An improved Model for Wireline Formation Tester Pumpout Time Estimation
- Waqar Ali Khan (Schlumberger) | Robert A. Wattenbarger (Texas A&M University) | Syed Shahbir Shah (Schlumberger) | Agha Hassan Akram (Schlumberger)
- Document ID
- Society of Petroleum Engineers
- SPE Annual Technical Conference and Exhibition, 30 October-2 November, Denver, Colorado, USA
- Publication Date
- Document Type
- Conference Paper
- 2011. Society of Petroleum Engineers
- 1.11 Drilling Fluids and Materials, 1.6 Drilling Operations, 1.5 Drill Bits, 5.5.8 History Matching, 5.3.2 Multiphase Flow
- 0 in the last 30 days
- 184 since 2007
- Show more detail
- View rights & permissions
|SPE Member Price:||USD 9.50|
|SPE Non-Member Price:||USD 28.00|
Wireline formation testers are now in their third generation of development. These tools are used to measure formation pressure andpermeability, and to take fluid samples from the reservoir. Technological developments over the years have resulted in a modular tool that can obtain a clean formation fluid sample with minimal contamination. Sampling time varies from a few minutes to many hours depending upon different parameters i.e. depth of invasion, flow rate, formation permeability, anisotropy, porosity and the viscosity of the involved fluids including mud filtrate and formation fluids.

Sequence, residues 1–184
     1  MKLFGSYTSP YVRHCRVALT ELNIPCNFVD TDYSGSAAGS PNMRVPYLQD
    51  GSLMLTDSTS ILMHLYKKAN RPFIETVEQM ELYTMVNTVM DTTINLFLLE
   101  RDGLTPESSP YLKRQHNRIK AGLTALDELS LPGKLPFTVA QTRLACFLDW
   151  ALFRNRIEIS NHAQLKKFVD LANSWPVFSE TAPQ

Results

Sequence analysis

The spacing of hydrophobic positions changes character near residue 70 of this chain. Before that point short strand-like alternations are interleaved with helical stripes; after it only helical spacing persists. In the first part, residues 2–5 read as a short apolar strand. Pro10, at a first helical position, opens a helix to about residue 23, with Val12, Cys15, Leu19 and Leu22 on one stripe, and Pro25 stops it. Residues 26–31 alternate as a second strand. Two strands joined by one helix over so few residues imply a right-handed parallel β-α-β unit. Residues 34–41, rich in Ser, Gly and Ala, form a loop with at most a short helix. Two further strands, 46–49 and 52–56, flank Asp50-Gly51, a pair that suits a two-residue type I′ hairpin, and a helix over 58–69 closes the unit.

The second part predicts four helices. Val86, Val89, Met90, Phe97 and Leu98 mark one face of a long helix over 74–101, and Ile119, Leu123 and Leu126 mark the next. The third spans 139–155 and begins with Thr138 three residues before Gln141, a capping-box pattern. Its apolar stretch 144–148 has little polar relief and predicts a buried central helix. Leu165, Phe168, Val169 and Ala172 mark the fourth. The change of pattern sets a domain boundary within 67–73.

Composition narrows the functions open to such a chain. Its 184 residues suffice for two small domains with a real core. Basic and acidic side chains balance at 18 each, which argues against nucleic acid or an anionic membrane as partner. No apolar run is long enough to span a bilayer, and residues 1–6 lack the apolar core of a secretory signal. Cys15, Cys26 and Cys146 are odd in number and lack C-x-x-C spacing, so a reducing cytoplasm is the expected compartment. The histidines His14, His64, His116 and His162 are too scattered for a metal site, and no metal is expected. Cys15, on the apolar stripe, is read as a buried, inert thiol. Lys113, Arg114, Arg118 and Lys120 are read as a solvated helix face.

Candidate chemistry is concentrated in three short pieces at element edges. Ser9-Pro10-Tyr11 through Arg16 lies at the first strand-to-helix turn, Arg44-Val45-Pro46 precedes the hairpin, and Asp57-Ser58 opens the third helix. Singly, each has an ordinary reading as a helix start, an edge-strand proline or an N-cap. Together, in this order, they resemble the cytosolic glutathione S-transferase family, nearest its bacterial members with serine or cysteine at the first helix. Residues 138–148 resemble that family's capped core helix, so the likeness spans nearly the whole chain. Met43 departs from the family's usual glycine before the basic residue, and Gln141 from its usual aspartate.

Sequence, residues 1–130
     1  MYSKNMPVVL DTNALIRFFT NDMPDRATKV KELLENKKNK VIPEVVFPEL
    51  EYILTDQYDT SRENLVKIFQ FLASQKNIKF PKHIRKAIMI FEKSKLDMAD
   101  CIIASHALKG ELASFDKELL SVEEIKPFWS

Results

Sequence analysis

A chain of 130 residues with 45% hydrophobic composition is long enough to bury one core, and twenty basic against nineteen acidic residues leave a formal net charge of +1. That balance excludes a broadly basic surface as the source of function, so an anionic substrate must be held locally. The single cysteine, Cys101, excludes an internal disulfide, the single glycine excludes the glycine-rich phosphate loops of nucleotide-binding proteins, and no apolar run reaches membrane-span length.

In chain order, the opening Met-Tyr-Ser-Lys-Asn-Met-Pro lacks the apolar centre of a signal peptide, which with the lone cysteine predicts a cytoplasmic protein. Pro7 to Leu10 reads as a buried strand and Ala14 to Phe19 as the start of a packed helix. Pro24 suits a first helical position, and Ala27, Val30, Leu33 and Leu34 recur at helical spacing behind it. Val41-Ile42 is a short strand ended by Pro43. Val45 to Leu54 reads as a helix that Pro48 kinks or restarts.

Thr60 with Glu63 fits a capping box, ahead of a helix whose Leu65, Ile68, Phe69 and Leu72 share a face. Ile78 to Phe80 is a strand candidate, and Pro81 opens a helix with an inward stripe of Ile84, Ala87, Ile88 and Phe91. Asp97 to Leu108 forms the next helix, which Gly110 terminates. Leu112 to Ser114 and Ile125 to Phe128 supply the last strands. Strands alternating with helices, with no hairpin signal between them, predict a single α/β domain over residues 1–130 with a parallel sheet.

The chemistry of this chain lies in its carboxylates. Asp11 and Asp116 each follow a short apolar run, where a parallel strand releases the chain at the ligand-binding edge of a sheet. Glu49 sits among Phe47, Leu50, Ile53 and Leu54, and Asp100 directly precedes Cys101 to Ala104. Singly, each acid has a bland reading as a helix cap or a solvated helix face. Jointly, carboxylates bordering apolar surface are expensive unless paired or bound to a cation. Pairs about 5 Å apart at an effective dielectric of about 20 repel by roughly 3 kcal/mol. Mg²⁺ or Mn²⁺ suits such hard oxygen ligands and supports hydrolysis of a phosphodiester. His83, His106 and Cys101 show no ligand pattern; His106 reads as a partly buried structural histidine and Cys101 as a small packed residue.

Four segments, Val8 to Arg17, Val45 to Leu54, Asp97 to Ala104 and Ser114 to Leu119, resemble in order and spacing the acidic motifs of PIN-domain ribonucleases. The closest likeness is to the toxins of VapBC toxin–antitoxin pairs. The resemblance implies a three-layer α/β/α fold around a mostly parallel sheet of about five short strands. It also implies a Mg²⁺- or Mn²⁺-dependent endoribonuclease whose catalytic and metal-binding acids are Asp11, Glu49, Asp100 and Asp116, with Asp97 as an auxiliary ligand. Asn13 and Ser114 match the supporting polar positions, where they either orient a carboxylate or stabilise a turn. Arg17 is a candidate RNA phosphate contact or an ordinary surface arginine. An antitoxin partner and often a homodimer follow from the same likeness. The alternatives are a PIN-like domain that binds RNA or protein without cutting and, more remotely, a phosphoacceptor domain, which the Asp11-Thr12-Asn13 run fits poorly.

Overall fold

Total pumpout time required to obtain a clean sample is always of interest to both the operator and service company owing to economics, well stability and other factors. An approach is required that is flexible and that requires few parameters to estimate the pumpout time and the time for first formation fluid slug.
In this study a new polynomial model is developed to better estimate the time to first slug.
The new model was tested for different pumpouts from different wells and history matching was performed to test the accuracy of the model. A number of pumpouts were considered and all of those showed close matches. Software was developed to quickly calculate the total pumpout time at real time. Also in this study the previous model was tested and with the limited available data the new model showed much improved results over the previous model.
A formation tester is used to take a representative sample from the formation fluid by producing the formation through a probe set at the wellbore. This sampling process can take a variable amount of time which is a critical factor for both operator and Service Company. Several parameters influences this time. This work examines details of these parameters and models a new formulation that is simple to use and that covers the effect of these parameters in a generic way.
Drilling disturbs formations as shown in Fig. 1 and Fig. 2 when a drill bit penetrates a porous and permeable formation, fluid will flow from the well bore into the formation because the hydrostatic pressure of the mud column is greater than the pressure of the formation. Drilling mud contains particles which are deposited on the face of the formation. The purpose of these particles is to reduce the amount of fluid which enters the formation. The deposited material is called the mud cake and the fluid which enters the formation is called mud filtrate.
|File Size||492 KB||Number of Pages||9|